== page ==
Two World War II heroes have been honoured for their bravery in the Arctic convoys that transported crucial supplies to Russia.
Bill Bridges (89) of Beech Road, Lenzie and Jack McNab (92) of Kirkintilloch received the Ushakov Medal at a special ceremony in Glasgow’s City Chambers on Friday.
Between September 1941 and 1944, in treacherous conditions, the UK Merchant Navy, escorted by the Royal Navy sailed the narrow corridor between the Arctic ice pack and German-occupied Norway into the Soviet ports of Murmansk and Arkhangelsk with vital supplies.
Cargo included tanks and fighter planes as well as fuel, ammunition and food to help the war effort.
Aged only 20, Bill served on board the corvette HMS Allington Castle for 18 months.
Bill said: “I was approached over a year ago and asked if I was willing to accept the Ushakov Medal and I said I would. It’s the men who died though who are the true heroes.”
He remembers how his ship came to the rescue of the Royal Navy sloop destroyer HMS Lapwing when it was struck by a German U-boat torpedo just a day’s sail away from the port of Murmansk in the last months of the war.
Bill said: “I just saw the Lapwing break in half and everyone jumping into the water which was absolutely freezing”
Many of the men clung desperately to lifeboats and rafts, but because of the intense cold, coupled with sodden clothing, they slid back into the sea.
“The Castle was only a small ship. We had 110 on board and we started to pick up survivors. A lot of them managed to swim to the ship.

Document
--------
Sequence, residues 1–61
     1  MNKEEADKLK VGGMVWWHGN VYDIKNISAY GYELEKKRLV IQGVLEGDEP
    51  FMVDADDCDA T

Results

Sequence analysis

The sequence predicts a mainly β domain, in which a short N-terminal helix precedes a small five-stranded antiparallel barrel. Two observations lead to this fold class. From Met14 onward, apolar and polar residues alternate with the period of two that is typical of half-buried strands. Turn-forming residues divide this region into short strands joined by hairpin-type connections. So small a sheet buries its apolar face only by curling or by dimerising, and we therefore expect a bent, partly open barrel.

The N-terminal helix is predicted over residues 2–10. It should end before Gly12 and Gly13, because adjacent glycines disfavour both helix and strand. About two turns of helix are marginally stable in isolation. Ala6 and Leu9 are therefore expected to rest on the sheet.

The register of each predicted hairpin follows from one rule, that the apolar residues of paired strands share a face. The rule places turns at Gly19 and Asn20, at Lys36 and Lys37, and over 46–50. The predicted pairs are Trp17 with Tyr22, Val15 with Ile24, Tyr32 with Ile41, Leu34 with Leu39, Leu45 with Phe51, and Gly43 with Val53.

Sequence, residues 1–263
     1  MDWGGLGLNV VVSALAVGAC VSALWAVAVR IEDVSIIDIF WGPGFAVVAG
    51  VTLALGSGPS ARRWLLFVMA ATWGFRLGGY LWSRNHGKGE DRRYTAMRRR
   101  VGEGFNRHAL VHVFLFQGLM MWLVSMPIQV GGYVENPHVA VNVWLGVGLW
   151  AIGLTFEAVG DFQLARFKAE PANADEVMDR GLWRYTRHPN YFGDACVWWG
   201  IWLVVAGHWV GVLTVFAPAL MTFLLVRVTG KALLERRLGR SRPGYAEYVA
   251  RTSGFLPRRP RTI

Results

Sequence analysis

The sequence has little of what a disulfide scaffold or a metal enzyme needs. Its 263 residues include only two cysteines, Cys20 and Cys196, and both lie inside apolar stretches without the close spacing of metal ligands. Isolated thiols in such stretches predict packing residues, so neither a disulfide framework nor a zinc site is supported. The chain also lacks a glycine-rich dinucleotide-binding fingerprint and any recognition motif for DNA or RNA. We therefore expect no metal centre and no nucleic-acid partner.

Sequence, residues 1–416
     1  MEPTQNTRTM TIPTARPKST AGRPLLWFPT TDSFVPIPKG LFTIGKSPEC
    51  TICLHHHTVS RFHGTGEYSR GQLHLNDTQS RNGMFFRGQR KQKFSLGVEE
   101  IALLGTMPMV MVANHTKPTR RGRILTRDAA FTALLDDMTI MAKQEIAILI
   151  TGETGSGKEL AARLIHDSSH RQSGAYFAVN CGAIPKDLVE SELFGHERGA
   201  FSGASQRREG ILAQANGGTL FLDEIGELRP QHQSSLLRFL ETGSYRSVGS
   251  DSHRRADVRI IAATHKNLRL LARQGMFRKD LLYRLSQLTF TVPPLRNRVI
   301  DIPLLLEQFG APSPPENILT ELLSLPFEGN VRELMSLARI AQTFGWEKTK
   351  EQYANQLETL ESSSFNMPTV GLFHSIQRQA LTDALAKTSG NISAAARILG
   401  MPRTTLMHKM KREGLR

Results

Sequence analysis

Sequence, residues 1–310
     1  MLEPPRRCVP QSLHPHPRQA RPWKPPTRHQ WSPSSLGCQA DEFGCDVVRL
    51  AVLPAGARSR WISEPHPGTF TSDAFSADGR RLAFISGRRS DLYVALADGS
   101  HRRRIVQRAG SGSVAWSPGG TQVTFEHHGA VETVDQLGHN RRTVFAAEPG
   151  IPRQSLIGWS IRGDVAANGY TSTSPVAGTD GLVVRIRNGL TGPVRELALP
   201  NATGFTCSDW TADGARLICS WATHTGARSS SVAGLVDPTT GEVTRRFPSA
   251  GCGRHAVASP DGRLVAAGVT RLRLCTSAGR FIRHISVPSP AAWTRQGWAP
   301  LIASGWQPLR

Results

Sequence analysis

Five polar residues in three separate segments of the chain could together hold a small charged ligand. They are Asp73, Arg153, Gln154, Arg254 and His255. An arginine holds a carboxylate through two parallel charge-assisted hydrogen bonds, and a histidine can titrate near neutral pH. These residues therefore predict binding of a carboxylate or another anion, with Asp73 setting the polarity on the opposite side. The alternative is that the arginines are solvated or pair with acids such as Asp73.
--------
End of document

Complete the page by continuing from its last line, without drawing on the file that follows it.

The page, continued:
“Our neighbouring ship, HMS Savage, helped too, but sadly a lot of men died and sadly it was bodies rather than survivors they picked up. “
Almost 160 seamen from a total of 220 on board the Lapwing perished that day.
Jack served in the Royal Navy aboard HMS Suffolk, the first ship in the Arctic convoy to sight the German battleship Bismarck.
The war hero, who has been decorated 10 times, told the Herald: “I had a great day on Friday. It has been a long time coming and many of my colleagues have died before they could receive this.”
Jaack says he still has clear memories of the perilous voyages.
Returning from one convoy, the Suffolk had one of her bows damaged in diabolical seas and freezing temperatures.
He said: “We took in water and had to go astern for about 150 miles otherwise the boat would have been smashed up by the waves.
The missions were dubbed “the worst journey in the world” by Winston Churchill.
Jack added: “He said it was the most violent place anyone could be.”